MIXX 2009 ignited the creative revolution in interactive media on Monday, September 21, as the smartest minds in the industry gathered for a sold-out event and kicked off Advertising Week 2009 with a bang. Randall Rothenberg, President & CEO of the IAB, welcomed the crowd to the “red, hot, beating heart of Advertising Week,” and celebrated an industry that over the years has developed more ways to provide more access, for more people, to more information through the ad-supported Internet.
Sticking with tradition, MIXX opened with a commanding CMO. Ann Lewnes, Senior Vice President, Global Marketing, Adobe, shared a sneak peek into Adobe’s vision of the new advertising. Admitting that online advertising is still dwarfed by traditional advertising—and confirming Adobe’s passion to close that gap—she focused her time on three secrets driving Adobe’s new approach. Every consumer interaction has become advertising, she said, making all interactions a two-way dialogue that provides marketers with web analytics to help optimize content. On the news front, she touched on the acquisition of Omniture, a leader in analytics and optimization, and what it means for the future. This online marketing suite completes the loop of analyzing and optimizing the creative produced through Adobe, creating the final union of art and science. Lewnes announced the availability of Adobe Flash Platform Services for Distribution, a new service that enables advertisers and content publishers to promote, measure and monetize applications across social networks, desktops and mobile devices.
Leading creatives—the minds who are already answering the call for the creative revolution—appeared on stage several times throughout the morning, spending a few minutes answering the question “What does interactive advertising’s creative revolution mean to me?” First off was Colleen DeCourcy, Chief Digital Officer, TBWA Worldwide, who credits the cultural revolution for shifting public expectations so much that we must change our industry. To Steve Wax, Managing Partner at Campfire, the creative revolution means marketing is always on stage because consumers play such an active role. The industry’s new role is to get the conversation started, and then assist with the process once the target audience takes over. For Jeff Benjamin, Vice President, Interactive Executive Creative Director, Crispin Porter + Bogusky, there has never been a more exciting time to be in advertising, thanks to the great digital work that’s coming down the pipe.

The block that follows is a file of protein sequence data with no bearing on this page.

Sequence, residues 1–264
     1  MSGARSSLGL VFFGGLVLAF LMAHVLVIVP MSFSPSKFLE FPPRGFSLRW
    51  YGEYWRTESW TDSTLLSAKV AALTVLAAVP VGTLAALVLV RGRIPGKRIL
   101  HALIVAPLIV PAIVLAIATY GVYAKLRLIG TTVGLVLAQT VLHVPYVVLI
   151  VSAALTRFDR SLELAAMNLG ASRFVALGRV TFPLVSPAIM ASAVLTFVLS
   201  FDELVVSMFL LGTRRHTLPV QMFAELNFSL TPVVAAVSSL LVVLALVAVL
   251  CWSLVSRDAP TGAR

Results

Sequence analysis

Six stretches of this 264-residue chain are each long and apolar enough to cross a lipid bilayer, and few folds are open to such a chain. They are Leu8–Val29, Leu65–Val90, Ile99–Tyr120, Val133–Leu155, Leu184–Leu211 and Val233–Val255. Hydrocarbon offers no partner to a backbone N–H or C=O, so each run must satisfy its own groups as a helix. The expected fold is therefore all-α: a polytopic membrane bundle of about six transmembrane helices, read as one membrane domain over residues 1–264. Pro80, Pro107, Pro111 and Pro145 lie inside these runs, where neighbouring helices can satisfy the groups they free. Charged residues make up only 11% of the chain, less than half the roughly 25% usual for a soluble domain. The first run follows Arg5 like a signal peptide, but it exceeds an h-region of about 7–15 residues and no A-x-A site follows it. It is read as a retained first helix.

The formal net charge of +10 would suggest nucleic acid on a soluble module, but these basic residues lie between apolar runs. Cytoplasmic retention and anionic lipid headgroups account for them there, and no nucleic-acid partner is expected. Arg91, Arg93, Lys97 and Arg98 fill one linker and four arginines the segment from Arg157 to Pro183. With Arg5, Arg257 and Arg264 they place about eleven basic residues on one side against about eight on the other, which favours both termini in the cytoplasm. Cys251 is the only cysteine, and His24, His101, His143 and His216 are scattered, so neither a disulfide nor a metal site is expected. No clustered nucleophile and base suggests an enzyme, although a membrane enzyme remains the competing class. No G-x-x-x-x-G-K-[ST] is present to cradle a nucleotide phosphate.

News Released @ MIXX
Attendees had a rare opportunity to experience the workstation of the future with Yusuf Medhi, Senior Vice President, Online Audience Measurement Group, Microsoft, as their guide. After a thorough Bing overview, including the visual search—launched only a week ago—and a look at Project Natal, Microsoft’s future of gaming on Xbox, Yusuf moved across the stage to demonstrate technology that has the potential to completely change the way we live and work. Powered by Microsoft Surface, the next generation user interface consists of full-screen walls to interact with computing technologies. Features include a surface computer that allows the user to truly be immersed in the work experience—talking to a digital assistant, conferencing with colleagues and clients, pinching and dragging photos from an unattached mobile device to the screen, recalling prior notes to an idea board and more.
An ideal and an idea—those are the starting points for quality creative according to Lucas Watson, Global Team Leader, Digital Business Strategy, Procter & Gamble. As he talked through several groundbreaking P&G campaigns, including Pampers, Hugo Boss and Pringles, he emphasized how impactful simplicity can be, the importance of considering the context that ads will appear in and keeping an open mind about where creativity comes from as it cannot be bought with money alone.
Tim Armstrong, Chairman & CEO of AOL, and the final main stage speaker of the day, used MIXX as a platform to outline AOL’s new strategy. The focus: content, content and more content. He outlined how the 90s was all about access—the foundation AOL was built upon. Then, the last ten years became about the platform. The next 10 years? Content—something that always trails distribution. Now, users are making distribution far more targeted than ever before. With such targeted distribution, the key to AOL’s success will be producing the content consumers want and matching it with the appropriate advertising to achieve the desired results. Armstrong also expressed a desire to focus on local where he currently sees a “white space” on the Internet. The potential for creating local content at scale will be another key to AOL’s success.
The Crowne Plaza Hotel buzzed throughout the afternoon as the sold-out crowd shifted from room to room for workshops and track sessions. Focused on Creativity, Innovation and Impact, the tracks offered a variety of content, allowing users to customize their learning experience by sticking with their track of choice, or selecting to attend individual sessions within each framework. Never-before-seen case studies from Cheetos, Betty Crocker and Bank of America kicked off the creativity track, while the innovation track hit on augmented reality—a topic which Ann Lewnes called the “direct mail of the 21st century” earlier in the day. Cocktails rounded out the evening as attendees descended on the Expo Hall to relax, discuss the day’s event and start planning for another day of breaking news, robust learning and networking with the sharpest minds in interactive